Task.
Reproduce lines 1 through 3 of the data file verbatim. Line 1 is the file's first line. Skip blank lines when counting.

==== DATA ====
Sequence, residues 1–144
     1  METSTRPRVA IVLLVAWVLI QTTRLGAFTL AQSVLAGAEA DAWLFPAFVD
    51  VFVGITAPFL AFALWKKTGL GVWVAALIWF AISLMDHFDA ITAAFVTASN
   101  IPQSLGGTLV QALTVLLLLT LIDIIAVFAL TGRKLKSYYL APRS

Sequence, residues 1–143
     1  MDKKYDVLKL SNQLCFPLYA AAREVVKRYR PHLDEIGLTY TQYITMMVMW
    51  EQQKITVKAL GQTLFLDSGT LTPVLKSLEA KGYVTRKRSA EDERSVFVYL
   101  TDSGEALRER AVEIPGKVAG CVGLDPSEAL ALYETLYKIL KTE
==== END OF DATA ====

Sequence, residues 1–144
     1  METSTRPRVA IVLLVAWVLI QTTRLGAFTL AQSVLAGAEA DAWLFPAFVD
    51  VFVGITAPFL AFALWKKTGL GVWVAALIWF AISLMDHFDA ITAAFVTASN